A Most Encouraging Scandal

As for the GSA people concerned getting fired, good riddance to bad rubbish.

But at a larger level, if a misuse of federal funds at this picayune level (relative to other Washington scandals) warrants a briefing of the President of the United States and coverage in the Washington Post, the citizenry is enjoying one of the cleanest administrations in living memory.

Comments

  1. Mark Kleiman says

    Note that if a defense contractor or Beltway-bandit consulting firm that gets all of its funds from Federal contracts had conducted a similar party, no one would have raised an eyebrow. The real scandal is the amounts of money and time that get wasted complying with dim-witted “anti-waste” provisions.

  2. Ebenezer Scrooge says

    Amen, Mark. With the exception of the courts and the imperial trappings of the Presidency and top generals, our federal government is guilty of conspicuous consumption of poverty. On the other hand, this is a democracy, and the demos probably wants it this way.

    (I’m not accusing Obama of being particularly imperial in lifestyle. The Praetorian nonsense comes with the job.)

  3. Ken Rhodes says

    I disagree with the above comments.

    The brouhaha has nothing to do with the attempt to save some trivial amount of money. It’s about getting rid of a person of vast power in the government who has such questionable ethics. Are there too many more such cases going undetected and/or unpunished? Of course there are. But if I get ticketed for going 20 over the speed limit, it’s no defense to claim “there are lots of other folks doing it too, and you ought to be concentrating on catching murderers and drug dealers.”

  4. NCG says

    I also agree with Mark and Ebbie. It seems to me that a little while ago, someone did a study that found that federal contracting out wastes gazillions of dollars. Kind of puts a crimp in the privatization talk.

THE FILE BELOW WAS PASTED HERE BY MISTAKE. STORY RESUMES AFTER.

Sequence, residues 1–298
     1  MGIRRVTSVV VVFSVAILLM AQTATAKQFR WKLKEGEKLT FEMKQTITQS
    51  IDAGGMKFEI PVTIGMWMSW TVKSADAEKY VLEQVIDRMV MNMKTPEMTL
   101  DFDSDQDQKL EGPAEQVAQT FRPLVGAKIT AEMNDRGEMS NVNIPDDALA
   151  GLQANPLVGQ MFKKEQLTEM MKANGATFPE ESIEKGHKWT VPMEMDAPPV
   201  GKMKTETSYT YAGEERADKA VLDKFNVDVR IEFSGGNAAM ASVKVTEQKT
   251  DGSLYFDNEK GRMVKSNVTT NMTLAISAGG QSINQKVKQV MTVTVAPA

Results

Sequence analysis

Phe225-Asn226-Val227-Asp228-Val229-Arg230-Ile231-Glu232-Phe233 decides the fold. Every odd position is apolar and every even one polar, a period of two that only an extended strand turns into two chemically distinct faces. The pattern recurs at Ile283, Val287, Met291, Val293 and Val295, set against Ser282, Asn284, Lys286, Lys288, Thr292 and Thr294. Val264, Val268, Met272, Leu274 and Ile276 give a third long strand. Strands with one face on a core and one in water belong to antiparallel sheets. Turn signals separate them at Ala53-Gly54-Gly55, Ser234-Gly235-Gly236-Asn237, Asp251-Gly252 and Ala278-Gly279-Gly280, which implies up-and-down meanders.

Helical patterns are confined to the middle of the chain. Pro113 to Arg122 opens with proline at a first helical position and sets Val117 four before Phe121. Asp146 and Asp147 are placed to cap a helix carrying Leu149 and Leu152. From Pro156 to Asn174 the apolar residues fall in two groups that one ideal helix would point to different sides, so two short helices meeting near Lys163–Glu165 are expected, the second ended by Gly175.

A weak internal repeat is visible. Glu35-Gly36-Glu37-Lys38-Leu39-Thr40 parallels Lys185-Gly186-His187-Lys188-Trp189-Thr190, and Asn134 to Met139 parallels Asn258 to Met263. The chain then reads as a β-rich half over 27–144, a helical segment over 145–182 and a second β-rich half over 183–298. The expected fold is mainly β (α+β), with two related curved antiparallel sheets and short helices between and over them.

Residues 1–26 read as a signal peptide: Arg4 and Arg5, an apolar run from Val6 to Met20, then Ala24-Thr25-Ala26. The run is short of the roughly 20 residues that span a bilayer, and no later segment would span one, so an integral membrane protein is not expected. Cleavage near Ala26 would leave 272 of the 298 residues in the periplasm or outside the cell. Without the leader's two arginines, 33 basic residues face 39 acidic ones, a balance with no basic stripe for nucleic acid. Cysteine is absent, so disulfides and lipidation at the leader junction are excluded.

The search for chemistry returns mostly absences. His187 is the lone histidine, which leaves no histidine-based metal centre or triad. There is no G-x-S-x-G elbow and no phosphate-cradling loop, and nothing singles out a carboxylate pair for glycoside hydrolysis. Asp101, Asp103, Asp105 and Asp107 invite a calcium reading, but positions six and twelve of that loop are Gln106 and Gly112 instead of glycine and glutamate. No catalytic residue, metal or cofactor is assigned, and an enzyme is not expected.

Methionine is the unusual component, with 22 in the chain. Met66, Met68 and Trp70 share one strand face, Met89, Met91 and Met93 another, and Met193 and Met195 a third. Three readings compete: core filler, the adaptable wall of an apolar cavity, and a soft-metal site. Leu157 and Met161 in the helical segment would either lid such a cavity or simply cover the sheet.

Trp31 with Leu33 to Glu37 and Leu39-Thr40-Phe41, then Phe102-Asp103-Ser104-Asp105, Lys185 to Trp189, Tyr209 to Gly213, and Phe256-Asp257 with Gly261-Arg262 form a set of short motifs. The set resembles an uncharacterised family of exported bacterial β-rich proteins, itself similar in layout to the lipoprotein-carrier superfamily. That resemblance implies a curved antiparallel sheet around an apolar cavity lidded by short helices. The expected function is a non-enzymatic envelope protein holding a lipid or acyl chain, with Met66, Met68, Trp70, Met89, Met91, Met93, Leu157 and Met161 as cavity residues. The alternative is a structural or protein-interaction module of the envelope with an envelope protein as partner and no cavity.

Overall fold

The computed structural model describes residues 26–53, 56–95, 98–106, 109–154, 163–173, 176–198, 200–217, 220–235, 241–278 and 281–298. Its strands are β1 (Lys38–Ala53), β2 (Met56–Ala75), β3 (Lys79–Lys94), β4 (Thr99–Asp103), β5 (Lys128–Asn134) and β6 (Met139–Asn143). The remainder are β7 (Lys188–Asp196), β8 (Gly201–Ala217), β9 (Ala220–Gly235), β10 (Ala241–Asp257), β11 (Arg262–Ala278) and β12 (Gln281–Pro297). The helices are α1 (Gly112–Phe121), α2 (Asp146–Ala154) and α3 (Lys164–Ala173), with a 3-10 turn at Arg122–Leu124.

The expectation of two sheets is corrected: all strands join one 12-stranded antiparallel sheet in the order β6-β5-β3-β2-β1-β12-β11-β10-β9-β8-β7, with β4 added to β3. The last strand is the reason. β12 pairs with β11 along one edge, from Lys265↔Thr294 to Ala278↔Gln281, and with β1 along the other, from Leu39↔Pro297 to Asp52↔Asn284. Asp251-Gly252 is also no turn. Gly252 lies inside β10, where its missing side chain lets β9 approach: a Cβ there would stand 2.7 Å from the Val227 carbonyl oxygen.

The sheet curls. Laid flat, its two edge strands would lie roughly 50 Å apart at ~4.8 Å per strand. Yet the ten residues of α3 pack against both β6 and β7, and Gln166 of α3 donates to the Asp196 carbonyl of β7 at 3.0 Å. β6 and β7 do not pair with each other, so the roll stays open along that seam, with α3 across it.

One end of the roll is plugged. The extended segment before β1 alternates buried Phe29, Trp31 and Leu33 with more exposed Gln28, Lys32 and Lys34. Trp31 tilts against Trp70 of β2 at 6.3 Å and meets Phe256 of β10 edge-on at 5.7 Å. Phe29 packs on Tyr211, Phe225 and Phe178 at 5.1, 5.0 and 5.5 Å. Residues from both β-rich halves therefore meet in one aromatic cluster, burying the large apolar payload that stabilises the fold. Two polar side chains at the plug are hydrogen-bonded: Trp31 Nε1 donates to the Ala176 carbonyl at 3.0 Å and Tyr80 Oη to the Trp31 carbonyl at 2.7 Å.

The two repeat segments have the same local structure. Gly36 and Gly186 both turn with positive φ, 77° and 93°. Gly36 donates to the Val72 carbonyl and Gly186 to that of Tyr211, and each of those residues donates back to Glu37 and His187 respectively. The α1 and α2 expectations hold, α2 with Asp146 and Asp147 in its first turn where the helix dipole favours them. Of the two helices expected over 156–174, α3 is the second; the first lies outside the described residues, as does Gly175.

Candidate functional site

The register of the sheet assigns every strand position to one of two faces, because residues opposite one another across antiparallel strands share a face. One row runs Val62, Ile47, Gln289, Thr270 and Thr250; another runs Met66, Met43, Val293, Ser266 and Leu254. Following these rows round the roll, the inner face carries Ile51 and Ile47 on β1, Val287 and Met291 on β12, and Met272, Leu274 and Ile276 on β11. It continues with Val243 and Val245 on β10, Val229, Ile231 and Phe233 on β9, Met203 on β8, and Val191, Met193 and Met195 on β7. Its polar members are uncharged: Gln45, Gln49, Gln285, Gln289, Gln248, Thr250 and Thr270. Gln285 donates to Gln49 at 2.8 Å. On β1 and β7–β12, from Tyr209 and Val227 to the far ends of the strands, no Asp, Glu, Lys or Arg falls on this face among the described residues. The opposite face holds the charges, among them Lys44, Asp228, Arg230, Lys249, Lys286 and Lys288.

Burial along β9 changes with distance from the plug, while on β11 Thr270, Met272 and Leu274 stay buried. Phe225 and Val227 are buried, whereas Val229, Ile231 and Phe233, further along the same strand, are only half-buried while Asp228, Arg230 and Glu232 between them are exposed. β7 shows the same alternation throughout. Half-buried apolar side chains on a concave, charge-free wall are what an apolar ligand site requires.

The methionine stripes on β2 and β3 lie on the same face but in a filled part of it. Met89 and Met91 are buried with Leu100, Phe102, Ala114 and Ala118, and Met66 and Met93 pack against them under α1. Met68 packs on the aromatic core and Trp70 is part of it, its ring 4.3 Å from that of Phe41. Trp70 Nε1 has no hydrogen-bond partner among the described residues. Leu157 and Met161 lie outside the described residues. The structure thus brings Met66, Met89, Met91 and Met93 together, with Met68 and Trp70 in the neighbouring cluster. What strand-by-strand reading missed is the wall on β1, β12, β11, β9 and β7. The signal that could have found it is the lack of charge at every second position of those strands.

I wonder why no one’s following up on that. This story is bad but I suspect it’s chump change in the scheme of things. Remember what Kinsley says — the scandal is what’s legal.

    • J. Michael Neal says

      I’m not sure why we need to minimize the necessity of getting rid of this guy in order to also argue that privatization leads to a lot of waste.

      • NCG says

        My problem is with press coverage, not with Keith. Naive people are left with the impression that all government is wasteful and so forth. The LAT does this allll the time. The problem is the lack of perspective. No one should write a story like this without comparing it to what other companies or agencies of the same size spend on professional development. As O’Hare says, management is important and it is worth our time and attention. (Though, possibly not this much money.)

  5. Freeman says

    I’m with the crowd on this one. Small potatoes. The math comes out to a penny or two per taxpayer and less than $3000 spent per attendee. I’m all for exposing and cutting useless and senseless wastes of taxpayer funds, and pennies do add up, but this has to be near the bottom of the barrel. I’m more satisfied when a bigger fish is fried.

  6. prognostication says

    Before anybody else piles on contractors, I’d like to jump in and point out that the kinds of excesses that have been mentioned in prior comments are only possible in certain types of contracting operations. Many federal contracting firms, possibly even the majority, work under contracts that have strictly defined limits on profit, and I really do think that the government is getting a bargain under many if not most circumstances.

    I am under no illusions about the various flaws in the contracting system, and the waste at certain firms bothers me as much as it bothers most people, but the indiscriminate bashing of contractors gets a little grating sometimes.

    • NCG says

      I hope you’re right, but I’m not so confident of it. For example, I wonder how well “profits” are defined. I agree though that generalizations aren’t usually very helpful — maybe what we need is a commission to look at it.

    • says

      Limits on profit are beside the point for something like this. Conference attendance (or staging) is an expense, usually an allowable one. The whole trick for gouging the customer (government or otherwise) is to put all the fun things you want to do on the expense budget; the profit number is important only to the shareholders.

      • John G says

        Indeed. That’s why some of the profligacy scandals of recent years have been about not-for-profit organizations. An empire is an empire, and imperial extravagance is … etc, and the bottom line has only to balance in the long run to make it work (and sometimes not even then).